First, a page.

Domain-driven design (DDD) is an approach to software development for complex needs by connecting the implementation to an evolving model. The premise of domain-driven design is the following:
- placing the project’s primary focus on the core domain and domain logic;
- basing complex designs on a model of the domain;
- initiating a creative collaboration between technical and domain experts to iteratively refine a conceptual model that addresses particular domain problems.
Design software by working very closely with the Domain Experts.
Domain-Driven Design is an approach to the development of complex software in which we:
- Focus on the core domain.
- Explore models in a creative collaboration of domain practitioners and software practitioners.
- Speak a ubiquitous language within an explicitly bounded context.
Help by 1) Work closely together 2) documentation 3) Common terms 4) Sit close together
What is the Domain?
domain-driven design we should first establish what we mean by
domainin this context (and in development in general). The common dictionary definition of
domain is: “A sphere of knowledge or activity.” Drilling down a bit from that,
domainin the realm of software engineering commonly refers to the subject area on which the application is intended to apply. In other words, during application development, the
domain is the “sphere of knowledge and activity around which the application logic revolves.”
Focuses on three core principles:
- Focus on the core
- Base complex designs on models of the
- Constantly collaborate with
domain experts, in order to improve the application model and resolve any emerging
The process side of Domain Driven Design involves the collaboration between domain experts, people who know the problem domain, and the design/architecture experts, people who know the solution domain. The idea is to have a shared model with shared language so that as people from these two different domains with their two different perspectives discuss the solution they are actually discussing a shared knowledge base with shared concepts.
Advantages of Domain-Driven Design
- Eases Communication: With an early emphasis on establishing a common and
ubiquitouslanguage related to the
domain modelof the project, teams will often find communication throughout the entire development life cycle to be much easier. Typically,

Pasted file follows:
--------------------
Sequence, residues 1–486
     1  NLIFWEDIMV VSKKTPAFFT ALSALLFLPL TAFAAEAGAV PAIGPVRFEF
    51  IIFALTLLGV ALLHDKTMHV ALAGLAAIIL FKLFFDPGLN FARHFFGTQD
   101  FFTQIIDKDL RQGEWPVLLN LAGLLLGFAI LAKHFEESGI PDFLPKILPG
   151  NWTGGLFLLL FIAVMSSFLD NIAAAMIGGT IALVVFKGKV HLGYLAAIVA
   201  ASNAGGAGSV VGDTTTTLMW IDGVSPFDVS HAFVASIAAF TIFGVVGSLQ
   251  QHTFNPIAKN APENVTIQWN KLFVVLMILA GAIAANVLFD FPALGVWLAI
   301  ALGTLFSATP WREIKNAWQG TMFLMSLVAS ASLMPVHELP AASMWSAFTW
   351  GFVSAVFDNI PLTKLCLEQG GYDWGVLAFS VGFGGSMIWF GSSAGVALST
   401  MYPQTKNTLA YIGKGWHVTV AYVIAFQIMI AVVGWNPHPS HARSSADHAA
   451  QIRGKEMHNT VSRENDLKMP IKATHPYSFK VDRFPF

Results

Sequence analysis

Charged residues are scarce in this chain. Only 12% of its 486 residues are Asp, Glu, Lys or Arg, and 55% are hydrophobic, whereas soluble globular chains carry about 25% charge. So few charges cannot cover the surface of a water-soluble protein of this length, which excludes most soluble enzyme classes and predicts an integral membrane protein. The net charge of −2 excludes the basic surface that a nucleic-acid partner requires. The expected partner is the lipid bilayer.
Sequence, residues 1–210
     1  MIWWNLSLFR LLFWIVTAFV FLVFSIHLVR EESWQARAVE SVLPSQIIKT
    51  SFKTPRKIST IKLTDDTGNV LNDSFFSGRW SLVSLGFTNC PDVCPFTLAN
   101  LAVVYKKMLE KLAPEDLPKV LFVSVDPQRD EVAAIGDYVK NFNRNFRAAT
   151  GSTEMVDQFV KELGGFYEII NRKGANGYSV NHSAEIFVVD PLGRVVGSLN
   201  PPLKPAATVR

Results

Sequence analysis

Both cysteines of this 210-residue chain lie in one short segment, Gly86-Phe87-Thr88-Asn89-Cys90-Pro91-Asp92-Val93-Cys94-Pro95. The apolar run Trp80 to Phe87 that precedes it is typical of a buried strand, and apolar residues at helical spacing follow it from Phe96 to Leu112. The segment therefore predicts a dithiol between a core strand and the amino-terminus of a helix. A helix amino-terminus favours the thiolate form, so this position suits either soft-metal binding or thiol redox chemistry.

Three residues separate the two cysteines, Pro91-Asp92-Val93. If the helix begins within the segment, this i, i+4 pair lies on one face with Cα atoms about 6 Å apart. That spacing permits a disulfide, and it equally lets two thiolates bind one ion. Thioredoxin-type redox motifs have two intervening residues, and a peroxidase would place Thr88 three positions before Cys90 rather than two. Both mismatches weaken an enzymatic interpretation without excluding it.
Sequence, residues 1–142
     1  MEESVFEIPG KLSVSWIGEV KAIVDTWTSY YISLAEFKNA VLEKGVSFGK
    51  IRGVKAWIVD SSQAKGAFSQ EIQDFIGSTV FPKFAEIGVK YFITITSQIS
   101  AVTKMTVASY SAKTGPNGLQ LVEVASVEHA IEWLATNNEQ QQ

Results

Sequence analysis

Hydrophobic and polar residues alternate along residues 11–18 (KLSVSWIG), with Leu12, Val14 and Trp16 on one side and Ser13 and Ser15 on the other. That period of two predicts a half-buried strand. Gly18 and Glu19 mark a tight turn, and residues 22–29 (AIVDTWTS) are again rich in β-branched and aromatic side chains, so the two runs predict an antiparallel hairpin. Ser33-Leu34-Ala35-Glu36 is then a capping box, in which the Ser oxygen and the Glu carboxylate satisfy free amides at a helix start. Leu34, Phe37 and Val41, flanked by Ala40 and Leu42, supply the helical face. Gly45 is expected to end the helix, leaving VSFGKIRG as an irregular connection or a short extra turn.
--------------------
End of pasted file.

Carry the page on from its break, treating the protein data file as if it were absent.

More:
DDDwill require less technical jargon when discussing aspects of the application, since the
ubiquitous languageestablished early on will likely define simpler terms to refer to those more technical aspects.
- Improves Flexibility: Since
DDDis so heavily based around the concepts of
object-oriented analysis and design, nearly everything within the
domain modelwill be based on an object and will, therefore, be quite modular and encapsulated. This allows for various components, or even the entire system as a whole, to be altered and improved on a regular, continuous basis.
- Emphasizes Domain Over Interface: Since
DDDis the practice of building around the concepts of
domainand what the
domain expertswithin the project advise,
DDDwill often produce applications that are accurately suited for and representative of the
domainat hand, as opposed to those applications which emphasize the UI/UX first and foremost. While an obvious balance is required, the focus on
domainmeans that a
DDDapproach can produce a product that resonates well with the audience associated with that
Disadvantages of Domain-Driven Design
- Requires Robust Domain Expertise: Even with the most technically proficient minds working on development, it’s all for naught if there isn’t at least one
domain experton the team that knows the exact ins and outs of the subject area on which the application is intended to apply. In some cases,
domain-driven designmay require the integration of one or more outside team members who can act as
domain expertsthroughout the development life cycle.
- Encourages Iterative Practices: While many would consider this an advantage, it cannot be denied that
DDDpractices strongly rely on constant iteration and continuous integration in order to build a malleable project that can adjust itself when necessary. Some organizations may have trouble with these practices, particularly if their past experience is largely tied to less-flexible development models, such as the
waterfallmodel or the like.
- Ill-Suited for Highly Technical Projects: While
DDDis great for applications where there is a great deal of
business logicis rather complex and convoluted),
DDDis not very well-suited for applications that have marginal
domaincomplexity, but conversely have a great deal of technical complexity. Since
DDDso heavily emphasizes the need for (and importance of)
domain expertsto generate the proper
ubiquitous languageand then
domain modelon which the project is based, a project that is incredibly technically complex may be challenging for
domain expertsto grasp, causing problems down the line, perhaps when technical requirements or limitations were not fully understood by all members of the team.